Safety and Health programs are essential because they can prevent workplace hazards. Identifying potential sources of injuries or illnesses and establishing procedures to fix them helps ensure the safety and health of workers and improves sustainability in the workplace.
 
It is important to engage workers across all levels of the workplace in order to increase the flow of knowledge and communication across management sectors.
 
“Sound Week represents a nationwide effort to raise awareness and understanding of the value of safety and health programs that include management leadership, encourage worker participation, and employ a systematic approach to finding and fixing hazards in the workplace before someone is injured,” says RCMA Executive Director Matt Coffindaffer. “RCMA and its members value workforce safety and welcome this opportunity to collaborate with OSHA and the other sponsors of Safe + Sound Week.”
 
All participants can promote their commitment by using the hashtag #SafeAndSound on social media. Participants are also encouraged to share photos from Safe + Sound events, certificates of recognition, or their own injury and hazard prevention efforts.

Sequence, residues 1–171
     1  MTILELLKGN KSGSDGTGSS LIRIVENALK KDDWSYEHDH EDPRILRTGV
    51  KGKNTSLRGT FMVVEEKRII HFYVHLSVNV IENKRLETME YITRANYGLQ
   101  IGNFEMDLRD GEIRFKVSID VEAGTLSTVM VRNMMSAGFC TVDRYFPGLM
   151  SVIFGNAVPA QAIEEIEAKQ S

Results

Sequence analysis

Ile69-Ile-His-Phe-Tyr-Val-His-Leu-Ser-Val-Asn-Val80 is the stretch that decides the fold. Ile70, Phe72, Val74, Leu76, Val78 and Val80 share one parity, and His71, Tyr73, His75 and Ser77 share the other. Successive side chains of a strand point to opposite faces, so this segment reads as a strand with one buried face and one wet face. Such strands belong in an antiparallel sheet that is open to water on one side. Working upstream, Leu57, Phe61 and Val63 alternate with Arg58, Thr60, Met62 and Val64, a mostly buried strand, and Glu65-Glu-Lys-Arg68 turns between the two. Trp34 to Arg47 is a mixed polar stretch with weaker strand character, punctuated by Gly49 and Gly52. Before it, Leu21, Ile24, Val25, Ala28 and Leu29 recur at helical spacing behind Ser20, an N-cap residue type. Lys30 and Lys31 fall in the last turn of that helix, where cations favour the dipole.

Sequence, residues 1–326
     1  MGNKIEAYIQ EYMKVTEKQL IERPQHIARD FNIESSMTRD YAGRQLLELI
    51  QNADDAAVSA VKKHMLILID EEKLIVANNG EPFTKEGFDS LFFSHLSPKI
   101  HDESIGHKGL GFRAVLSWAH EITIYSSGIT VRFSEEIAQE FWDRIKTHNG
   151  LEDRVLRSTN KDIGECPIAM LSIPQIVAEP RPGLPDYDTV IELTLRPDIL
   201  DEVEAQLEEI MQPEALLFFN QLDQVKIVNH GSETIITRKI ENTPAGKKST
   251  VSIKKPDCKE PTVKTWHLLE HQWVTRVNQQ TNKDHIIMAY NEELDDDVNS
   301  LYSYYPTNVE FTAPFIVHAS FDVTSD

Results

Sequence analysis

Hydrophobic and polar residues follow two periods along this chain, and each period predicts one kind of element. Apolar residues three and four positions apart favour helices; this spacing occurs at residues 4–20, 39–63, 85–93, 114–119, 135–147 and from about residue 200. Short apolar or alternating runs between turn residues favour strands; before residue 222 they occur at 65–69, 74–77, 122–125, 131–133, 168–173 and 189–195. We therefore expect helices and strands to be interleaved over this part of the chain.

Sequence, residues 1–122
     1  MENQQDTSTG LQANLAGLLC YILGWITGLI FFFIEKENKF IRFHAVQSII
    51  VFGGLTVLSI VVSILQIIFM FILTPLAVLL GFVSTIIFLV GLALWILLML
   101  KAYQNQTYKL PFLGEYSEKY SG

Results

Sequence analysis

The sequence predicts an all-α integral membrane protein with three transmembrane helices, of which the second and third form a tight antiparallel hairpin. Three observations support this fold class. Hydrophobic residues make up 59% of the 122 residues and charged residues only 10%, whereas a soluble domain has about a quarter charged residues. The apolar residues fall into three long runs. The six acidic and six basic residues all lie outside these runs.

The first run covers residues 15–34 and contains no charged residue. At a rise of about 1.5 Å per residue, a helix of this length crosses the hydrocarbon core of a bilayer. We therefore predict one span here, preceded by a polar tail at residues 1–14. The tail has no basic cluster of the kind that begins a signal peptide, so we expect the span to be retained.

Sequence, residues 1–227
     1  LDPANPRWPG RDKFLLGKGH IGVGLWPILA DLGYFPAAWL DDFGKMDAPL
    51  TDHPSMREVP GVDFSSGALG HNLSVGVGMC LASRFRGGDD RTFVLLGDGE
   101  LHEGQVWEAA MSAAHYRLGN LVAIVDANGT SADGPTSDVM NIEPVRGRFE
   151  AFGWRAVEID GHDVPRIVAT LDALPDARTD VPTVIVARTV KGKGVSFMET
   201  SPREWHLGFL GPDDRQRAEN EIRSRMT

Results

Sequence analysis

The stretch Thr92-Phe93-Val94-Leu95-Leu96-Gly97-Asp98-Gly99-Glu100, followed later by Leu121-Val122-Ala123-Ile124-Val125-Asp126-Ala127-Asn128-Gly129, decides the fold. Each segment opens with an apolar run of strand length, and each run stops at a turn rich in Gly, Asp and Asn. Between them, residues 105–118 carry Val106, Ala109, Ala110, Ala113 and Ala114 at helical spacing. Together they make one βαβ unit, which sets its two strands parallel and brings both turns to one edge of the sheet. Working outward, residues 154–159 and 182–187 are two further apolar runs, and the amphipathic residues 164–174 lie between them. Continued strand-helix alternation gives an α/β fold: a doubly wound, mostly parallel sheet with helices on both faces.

For a list of Safe + Sound Week events around the country and to learn more about OSHA’s commitment to a safe workplace and sound business, please visit here.

RoofersCoffeeShop Announces 2017 Influencers

RoofersCoffeeShop.com (RCS), the place where the industry meets for technology, information and business announces the 2017 RCS Influencers.

“We are honored to announce the RCS 2017 Influencers,” states Vickie Sharples of RoofersCoffeeShop.com. “The knowledge, experience and forward thinking that the RCS Influencers bring to the industry is great. We are compelled to share their expertise and they are generous enough to share back with the industry through posts and media on RoofersCoffeeShop.com.”